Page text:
Today is one of those curl up in a big blanket and read a book kind of days. It has been raining since most of us woke up and will continue to rain until most of us hit the hay. And it won’t stop there: both Tuesday and Wednesday display high chances for rain. However, there will be a distinct difference in how the rain occurs. Today’s rain has been a constant drizzle to moderate rain, while Tuesday’s rain showers will be more sporadic with a low chance of a few severe storms. Wednesday’s rain will come during the first half of the day ahead of a cold front; therefore, we’ll see some big changes in the second half of the week compared to the first half. The passing of the cold front will be our “stop button” to the rain. But before we see those changes, it’s worth noting that the recent and future rainfall amounts have prompted flash flood watches from National Weather service in Louisville for a majority of Kentucky, including Warren County. The flash flood watch for our area will continue until Wednesday at 1 pm. If you ever come across a road covered by water, ALWAYS turn around, don’t drown. The possibility for water to cover up a washed away section of the road or its ability to carry your car off the road always exists.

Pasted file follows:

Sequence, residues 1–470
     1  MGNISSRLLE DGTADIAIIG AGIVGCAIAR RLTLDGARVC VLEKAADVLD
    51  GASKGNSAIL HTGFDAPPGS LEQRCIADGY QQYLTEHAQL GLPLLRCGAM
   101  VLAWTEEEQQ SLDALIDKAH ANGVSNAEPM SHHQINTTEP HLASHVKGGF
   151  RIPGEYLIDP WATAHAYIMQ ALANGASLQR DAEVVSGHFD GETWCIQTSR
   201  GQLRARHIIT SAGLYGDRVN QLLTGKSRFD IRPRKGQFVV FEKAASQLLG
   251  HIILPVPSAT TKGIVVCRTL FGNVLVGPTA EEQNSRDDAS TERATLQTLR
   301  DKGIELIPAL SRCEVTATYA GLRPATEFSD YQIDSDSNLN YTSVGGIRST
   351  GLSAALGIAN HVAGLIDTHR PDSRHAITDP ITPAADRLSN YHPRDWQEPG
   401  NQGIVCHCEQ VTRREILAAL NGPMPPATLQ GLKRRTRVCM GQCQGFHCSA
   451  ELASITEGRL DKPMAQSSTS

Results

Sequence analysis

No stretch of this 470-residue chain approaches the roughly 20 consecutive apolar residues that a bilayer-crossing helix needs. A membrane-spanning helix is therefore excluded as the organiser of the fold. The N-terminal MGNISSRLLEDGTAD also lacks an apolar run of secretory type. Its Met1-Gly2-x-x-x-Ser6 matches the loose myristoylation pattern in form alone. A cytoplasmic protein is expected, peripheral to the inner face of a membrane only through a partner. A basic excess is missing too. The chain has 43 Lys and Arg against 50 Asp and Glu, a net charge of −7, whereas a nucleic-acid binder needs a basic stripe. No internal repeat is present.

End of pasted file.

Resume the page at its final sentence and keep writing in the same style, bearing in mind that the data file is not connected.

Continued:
The following GIF shows the change from a very moist air mass (the purples and fuchsia) to a dry air mass (the browns and greens) after the cold front passes.
Temps will drastically cool off Wednesday evening and stay cool for Thursday and Friday.
Today: Rain will continue with overcast skies keeping temps throughout South Central Kentucky at or below 75.
Tomorrow: Rain chances continue, but will be more sporadic. If cloud cover decreases, as some models indicate, the potential for severe weather will increase as the sun provides more energy for potential storms. Temperatures will also vary based on the amount of sunshine received. Places receiving lots of sun could see low 80s, while cloudy areas will stay in the mid 70s.
Wednesday: Rainy and windy conditions will end just after the noon hour as will the flash flood watch. Once the rain ends, temperatures will quickly drop from the mid 70s to the low 60s with the passage of the cold front. Overnight into Thursday, lows will bottom out into the 50s.
The cold front will provide low dew points, and skies will be clearing Thursday through the weekend. This will create the prime conditions for cool nights and pleasantly warm days. For those of you in Bowling Green for the weekend, come on out to WKU and enjoy all the festivities of “Parents’ Weekend” and the following football game against Marshall at the Houch!